I appreciate very much what the developers have created with BitKlavier. I guess it is one of those tools I will use many times. To learn, to experiment, and even to make music.

    Now to some technical, software specific details: the iPad version doesn’t recognise the attached audio interface (in my case the Apogee Duet 2). There’s a trick however. When the app is running, I simply detach and re-attach the interface. Then I can play BitKlavier over my monitors, sounds much better of course. The Mac app crashes constantly, I could not make it work on my hackintosh 10.7, even after several attempts. Obviously it runs fine on a real Mac with updated OSX, so it’s only a problem for older OS I guess.

  4. It looks like a cool app, but what it mostly does is make me want an actual prepared piano. Count me in as one of the people who saw the name and assumed this app was going to actually be like a prepared piano. I was already thinking I wanted a prepared piano after watching “Love and Mercy” and seeing Brian Wilson messing around with the insides of the piano while recording Pet Sounds.

  5. damn, first reason I have seen to update to IOS 8!!!

    I hope the reverse sections can be midi clockable…or a sequencer could replay them the same every times, that could be really useful

      1. Well, iOS 9 hasn’t been out all that long. And pressing the update button brings a whole load of trepidation about what will break.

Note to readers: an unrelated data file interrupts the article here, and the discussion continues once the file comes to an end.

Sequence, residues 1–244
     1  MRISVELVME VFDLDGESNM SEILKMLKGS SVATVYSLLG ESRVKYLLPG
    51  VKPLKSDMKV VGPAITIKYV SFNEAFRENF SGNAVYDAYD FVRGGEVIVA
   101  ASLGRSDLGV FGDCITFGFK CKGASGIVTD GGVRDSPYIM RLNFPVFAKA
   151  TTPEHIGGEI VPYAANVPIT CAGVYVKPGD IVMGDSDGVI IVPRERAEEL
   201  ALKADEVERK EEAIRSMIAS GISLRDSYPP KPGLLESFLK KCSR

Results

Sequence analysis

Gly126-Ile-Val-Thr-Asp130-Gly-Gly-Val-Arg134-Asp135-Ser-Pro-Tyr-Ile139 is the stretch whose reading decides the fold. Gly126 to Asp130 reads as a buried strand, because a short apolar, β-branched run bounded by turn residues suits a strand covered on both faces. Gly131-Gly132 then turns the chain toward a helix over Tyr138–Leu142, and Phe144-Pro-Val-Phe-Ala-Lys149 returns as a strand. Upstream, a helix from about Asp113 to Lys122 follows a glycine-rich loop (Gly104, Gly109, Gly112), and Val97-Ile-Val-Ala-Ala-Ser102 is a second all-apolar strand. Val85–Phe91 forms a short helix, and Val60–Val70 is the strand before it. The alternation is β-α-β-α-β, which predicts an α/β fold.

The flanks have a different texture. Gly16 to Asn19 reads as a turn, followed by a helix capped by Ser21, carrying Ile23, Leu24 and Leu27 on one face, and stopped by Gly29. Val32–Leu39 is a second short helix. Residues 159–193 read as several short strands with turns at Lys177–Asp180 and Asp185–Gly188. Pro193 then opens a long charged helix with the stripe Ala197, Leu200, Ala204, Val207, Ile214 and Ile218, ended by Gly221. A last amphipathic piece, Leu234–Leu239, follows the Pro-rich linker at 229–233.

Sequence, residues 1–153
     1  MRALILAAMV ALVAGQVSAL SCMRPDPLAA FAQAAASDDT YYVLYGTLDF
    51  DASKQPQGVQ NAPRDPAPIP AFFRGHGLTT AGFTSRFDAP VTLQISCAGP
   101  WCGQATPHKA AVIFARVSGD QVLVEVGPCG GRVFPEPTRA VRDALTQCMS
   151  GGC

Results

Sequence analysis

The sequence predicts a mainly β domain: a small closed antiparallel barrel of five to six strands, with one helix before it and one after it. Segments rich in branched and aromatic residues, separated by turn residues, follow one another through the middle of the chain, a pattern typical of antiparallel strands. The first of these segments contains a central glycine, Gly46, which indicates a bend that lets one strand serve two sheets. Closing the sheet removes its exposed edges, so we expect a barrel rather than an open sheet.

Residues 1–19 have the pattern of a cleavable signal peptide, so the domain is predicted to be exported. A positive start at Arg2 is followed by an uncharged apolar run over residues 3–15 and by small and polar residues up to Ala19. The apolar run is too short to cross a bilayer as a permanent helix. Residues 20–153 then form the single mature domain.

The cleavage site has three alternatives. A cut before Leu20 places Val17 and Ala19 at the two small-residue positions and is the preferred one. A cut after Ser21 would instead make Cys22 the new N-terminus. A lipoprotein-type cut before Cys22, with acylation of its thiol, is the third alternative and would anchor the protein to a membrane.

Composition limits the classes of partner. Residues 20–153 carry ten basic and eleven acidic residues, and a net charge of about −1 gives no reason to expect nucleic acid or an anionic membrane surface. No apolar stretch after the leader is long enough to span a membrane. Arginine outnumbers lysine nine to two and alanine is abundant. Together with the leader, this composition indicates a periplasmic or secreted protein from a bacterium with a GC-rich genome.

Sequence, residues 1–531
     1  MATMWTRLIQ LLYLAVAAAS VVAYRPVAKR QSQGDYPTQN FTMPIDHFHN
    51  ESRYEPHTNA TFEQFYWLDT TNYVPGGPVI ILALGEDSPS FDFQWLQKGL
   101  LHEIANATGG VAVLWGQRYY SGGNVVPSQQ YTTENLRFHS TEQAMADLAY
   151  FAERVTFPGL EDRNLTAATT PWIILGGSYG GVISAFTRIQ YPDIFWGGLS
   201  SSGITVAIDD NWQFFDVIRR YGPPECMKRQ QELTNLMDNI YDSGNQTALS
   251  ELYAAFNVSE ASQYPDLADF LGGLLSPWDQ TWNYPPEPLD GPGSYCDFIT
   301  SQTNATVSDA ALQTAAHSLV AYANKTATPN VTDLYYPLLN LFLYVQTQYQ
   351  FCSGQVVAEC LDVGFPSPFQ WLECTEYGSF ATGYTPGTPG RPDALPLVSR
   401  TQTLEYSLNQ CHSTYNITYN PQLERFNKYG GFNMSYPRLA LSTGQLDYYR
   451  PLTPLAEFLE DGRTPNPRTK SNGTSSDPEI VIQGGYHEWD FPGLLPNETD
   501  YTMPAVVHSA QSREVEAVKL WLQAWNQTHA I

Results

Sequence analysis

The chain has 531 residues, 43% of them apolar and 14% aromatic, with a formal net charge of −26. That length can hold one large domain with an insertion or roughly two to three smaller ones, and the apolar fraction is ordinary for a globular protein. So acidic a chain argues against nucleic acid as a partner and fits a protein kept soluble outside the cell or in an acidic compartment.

6. Sounds great. Please look into some of the standard expectations for iOS musicians that allow us to explore it in the context of our choosing: Audiobus, IAA, and yes, AU for OSX . Not implementing those things or expressing no interest in doing so sounds more like an excuse than a rationale.

    1. App Nazi strikes again!

      Where does it say that developers can’t develop apps that do what THEY want?

      This is clearly an interesting app, but it’s intended for a VERY niche audience. It’s never going to be a mass-market item and so it makes sense for them to focus on doing what makes sense for their audience.

      Yeah, that means it won’t have some of the bells and whistles that you or I might want – but we’re not the primary audiences, it’s classical muso’s like they show in the video.

      1. Umm. Even the most basic and simple of apps can implement AB or IAA.

        To exclude AB or IAA is a decision. And it is perfectly appropriate for people to freely comment on that decision. To smack down such a comment with the “nazi” slur is … well, not very nice.

        It is true that this is a pretty niche kind of product. It would, however be a shame if the lack of inter-operability might be a barrier to someone who might bring it into their music.

  7. it depends on how we judge a software. If we look after specific and unique features that can teach us about music and expand our views, an app like bitKlavier is certainly one of the more interesting ones. Its concept is merely dedicated for live playing and academic research.

    I’m glad there are developers who create such special software. Therefore it is not so important in my opinion if they don’t follow every trend.

  8. the iPad app has network MIDI, so it should be possible to play from a computer.

    Concerning the Mac version, it may be good to extract the zip file directly on the Mac computer. Last time I extracted the zip on a Windows computer and copied the folder without that __MACOSX thing, and bitKlavier crashed every time. Now it works. And there’s been a new version recently.